36 The Lion, The Witch and The Wardrobe
37 The Kite Runner – Khaled Hosseini
38 Captain Corelli’s Mandolin – Louis De Bernieres
39 Memoirs of a Geisha – Arthur Golden
40 Winnie the Pooh – AA Milne
41 Animal Farm – George Orwell
42 The Da Vinci Code – Dan Brown
43 One Hundred Years of Solitude – Gabriel Garcia Marquez
44 A Prayer for Owen Meaney – John Irving
45 The Woman in White – Wilkie Collins
46 Anne of Green Gables – LM Montgomery
47 Far From The Madding Crowd – Thomas Hardy.
48 The Handmaid’s Tale – Margaret Atwood
49 Lord of the Flies – William Golding
50 Atonement – Ian McEwan
51 Life of Pi – Yann Martel
52 Dune – Frank Herbert
53 Cold Comfort Farm – Stella Gibbons
54 Sense and Sensibility – Jane Austen
55 A Suitable Boy – Vikram Seth.
56 The Shadow of the Wind – Carlos Ruiz Zafon
57 A Tale Of Two Cities – Charles Dickens
58 Brave New World – Aldous Huxley
59 The Curious Incident of the Dog in the Night-time – Mark Haddon
60 Love In The Time Of Cholera – Gabriel Garcia Marquez
61 Of Mice and Men – John Steinbeck
62 Lolita – Vladimir Nabokov
63 The Secret History – Donna Tartt
64 The Lovely Bones – Alice Sebold
65 Count of Monte Cristo – Alexandre Dumas
66 On The Road – Jack Kerouac
67 Jude the Obscure – Thomas Hardy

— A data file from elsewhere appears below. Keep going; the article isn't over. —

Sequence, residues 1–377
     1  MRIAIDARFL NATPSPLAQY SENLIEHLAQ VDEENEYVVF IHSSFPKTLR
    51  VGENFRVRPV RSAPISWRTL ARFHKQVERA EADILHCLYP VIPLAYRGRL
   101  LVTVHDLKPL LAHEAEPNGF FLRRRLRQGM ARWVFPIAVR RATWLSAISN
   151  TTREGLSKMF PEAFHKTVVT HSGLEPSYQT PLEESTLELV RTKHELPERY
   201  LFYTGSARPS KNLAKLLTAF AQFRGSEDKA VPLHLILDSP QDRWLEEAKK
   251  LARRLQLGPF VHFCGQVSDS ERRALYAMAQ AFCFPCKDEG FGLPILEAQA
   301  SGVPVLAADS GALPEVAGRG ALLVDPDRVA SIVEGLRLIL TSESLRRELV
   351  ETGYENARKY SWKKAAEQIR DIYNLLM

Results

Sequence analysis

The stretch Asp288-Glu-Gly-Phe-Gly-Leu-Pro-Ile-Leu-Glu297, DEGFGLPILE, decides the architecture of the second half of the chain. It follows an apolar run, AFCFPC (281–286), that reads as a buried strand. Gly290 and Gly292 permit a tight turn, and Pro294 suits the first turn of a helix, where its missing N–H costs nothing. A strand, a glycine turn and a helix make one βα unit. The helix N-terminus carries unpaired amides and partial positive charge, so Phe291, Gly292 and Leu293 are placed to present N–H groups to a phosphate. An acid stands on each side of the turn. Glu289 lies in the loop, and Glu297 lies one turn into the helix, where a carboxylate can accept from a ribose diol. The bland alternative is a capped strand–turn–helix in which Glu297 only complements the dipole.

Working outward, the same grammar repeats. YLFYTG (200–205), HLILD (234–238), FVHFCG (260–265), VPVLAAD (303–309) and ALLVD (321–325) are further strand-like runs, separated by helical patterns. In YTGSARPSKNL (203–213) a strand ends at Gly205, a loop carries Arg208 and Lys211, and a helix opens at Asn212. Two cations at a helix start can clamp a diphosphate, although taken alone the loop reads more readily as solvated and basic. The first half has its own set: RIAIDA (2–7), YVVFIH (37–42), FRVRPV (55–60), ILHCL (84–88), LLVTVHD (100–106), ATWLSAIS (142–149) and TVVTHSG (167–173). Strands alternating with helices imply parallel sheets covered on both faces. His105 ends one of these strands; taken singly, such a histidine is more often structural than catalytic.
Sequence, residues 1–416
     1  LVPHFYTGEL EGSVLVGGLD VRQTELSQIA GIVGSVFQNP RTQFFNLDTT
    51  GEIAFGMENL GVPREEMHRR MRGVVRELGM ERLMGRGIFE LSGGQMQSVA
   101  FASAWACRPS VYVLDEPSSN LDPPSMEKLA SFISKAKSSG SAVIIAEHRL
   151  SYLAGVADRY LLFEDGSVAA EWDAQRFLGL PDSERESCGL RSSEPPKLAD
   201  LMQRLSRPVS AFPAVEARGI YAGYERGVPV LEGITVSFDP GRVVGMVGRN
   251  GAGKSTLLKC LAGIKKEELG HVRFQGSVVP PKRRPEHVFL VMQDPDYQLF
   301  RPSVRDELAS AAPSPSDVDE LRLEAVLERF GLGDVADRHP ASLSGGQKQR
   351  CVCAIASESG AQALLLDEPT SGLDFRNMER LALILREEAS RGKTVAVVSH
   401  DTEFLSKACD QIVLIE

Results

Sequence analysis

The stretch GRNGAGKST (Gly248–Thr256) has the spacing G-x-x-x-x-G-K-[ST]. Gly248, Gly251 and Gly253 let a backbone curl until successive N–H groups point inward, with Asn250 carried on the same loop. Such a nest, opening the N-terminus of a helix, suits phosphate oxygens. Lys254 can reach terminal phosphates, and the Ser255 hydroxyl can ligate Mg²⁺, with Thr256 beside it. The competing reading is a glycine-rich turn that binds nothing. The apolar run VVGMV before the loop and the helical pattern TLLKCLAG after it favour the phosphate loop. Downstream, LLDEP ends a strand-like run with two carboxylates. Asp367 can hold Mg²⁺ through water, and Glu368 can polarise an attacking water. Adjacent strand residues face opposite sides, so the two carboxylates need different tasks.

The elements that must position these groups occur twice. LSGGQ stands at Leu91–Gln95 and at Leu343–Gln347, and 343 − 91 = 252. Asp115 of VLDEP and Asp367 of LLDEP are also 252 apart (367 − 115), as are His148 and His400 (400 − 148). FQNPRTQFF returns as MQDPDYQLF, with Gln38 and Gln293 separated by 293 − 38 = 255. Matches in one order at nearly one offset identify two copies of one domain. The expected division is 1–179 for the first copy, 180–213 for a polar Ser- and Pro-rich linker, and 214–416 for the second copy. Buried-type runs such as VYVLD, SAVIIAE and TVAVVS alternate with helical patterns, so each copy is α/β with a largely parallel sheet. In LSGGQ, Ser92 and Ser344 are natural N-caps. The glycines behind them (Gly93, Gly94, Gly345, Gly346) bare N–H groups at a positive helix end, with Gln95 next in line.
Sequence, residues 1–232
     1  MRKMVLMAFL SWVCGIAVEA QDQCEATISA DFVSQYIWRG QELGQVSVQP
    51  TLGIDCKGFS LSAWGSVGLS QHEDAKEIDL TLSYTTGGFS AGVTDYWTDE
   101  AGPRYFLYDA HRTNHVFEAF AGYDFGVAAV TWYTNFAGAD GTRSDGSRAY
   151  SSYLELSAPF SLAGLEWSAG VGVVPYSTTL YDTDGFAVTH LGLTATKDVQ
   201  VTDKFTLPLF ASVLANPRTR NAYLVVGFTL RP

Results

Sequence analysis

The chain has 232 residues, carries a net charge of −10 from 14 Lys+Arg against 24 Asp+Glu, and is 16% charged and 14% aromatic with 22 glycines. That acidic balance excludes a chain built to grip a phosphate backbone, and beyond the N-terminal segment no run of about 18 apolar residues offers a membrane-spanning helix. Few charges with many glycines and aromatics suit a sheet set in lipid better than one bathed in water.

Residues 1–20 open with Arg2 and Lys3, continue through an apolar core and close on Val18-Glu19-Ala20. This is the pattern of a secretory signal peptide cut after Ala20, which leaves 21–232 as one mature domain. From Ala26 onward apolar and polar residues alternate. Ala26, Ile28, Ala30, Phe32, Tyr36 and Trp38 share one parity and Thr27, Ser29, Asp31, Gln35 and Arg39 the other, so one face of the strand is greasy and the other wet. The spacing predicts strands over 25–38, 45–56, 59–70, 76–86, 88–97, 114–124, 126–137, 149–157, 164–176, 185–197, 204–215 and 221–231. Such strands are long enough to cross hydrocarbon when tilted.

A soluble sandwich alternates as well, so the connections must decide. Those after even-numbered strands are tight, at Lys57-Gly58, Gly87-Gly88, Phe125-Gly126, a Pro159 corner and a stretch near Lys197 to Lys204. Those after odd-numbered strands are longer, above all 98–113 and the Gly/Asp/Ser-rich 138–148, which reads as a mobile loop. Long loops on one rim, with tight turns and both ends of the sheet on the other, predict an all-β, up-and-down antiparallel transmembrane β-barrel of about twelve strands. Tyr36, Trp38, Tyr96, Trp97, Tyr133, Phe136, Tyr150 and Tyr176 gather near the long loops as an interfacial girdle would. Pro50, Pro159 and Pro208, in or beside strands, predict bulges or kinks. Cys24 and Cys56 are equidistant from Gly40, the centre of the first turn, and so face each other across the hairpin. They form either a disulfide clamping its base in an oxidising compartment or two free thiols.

68 Bridget Jones’s Diary – Helen Fielding
69 Midnight’s Children – Salman Rushdie
70 Moby Dick – Herman Melville
71 Oliver Twist – Charles Dickens
72 Dracula – Bram Stoker
73 The Secret Garden – Frances Hodgson Burnett
74 Notes From A Small Island – Bill Bryson
75 Ulysses – James Joyce
76 The Bell Jar – Sylvia Plath
77 Swallows and Amazons – Arthur Ransome
78 Germinal – Emile Zola
79 Vanity Fair – William Makepeace Thackeray
80 Possession – AS Byatt.
81 A Christmas Carol – Charles Dickens
82 Cloud Atlas – David Mitchell
83 The Color Purple – Alice Walker
84 The Remains of the Day – Kazuo Ishiguro
85 Madame Bovary – Gustave Flaubert
86 A Fine Balance – Rohinton Mistry
87 Charlotte’s Web – EB White
88 The Five People You Meet In Heaven – Mitch Albom
89 Adventures of Sherlock Holmes – Sir Arthur Conan Doyle
90 The Faraway Tree Collection – Enid Blyton
91 Heart of Darkness – Joseph Conrad
92 The Little Prince – Antoine De Saint-Exupery
93 The Wasp Factory – Iain Banks
94 Watership Down – Richard Adams
95 A Confederacy of Dunces – John Kennedy Toole
96 A Town Like Alice – Nevil Shute
97 The Three Musketeers – Alexandre Dumas
98 Hamlet – William Shakespeare
99 Charlie and the Chocolate Factory – Roald Dahl
100 Les Miserables – Victor Hugo
The villain from out story is now happily married (not to the gentleman, I might add), and eventually, the gentleman turned out to be not so gentlemanly and has been out of the protagonist’s life for quite a few years, yet she continues to read from this list! What is this witchcraft? If not pettiness, why does she continue to read these challenging texts? Is it out of a love for reading or…perhaps it is true, the list truly is magical!
Okay, okay, goofiness aside, this list is actually the bees knees, and despite the reason I actually started working on it, it’s shaped my taste in literature, and I’m endlessly grateful to that girl who had read more than me for getting me to tackle it the way I did.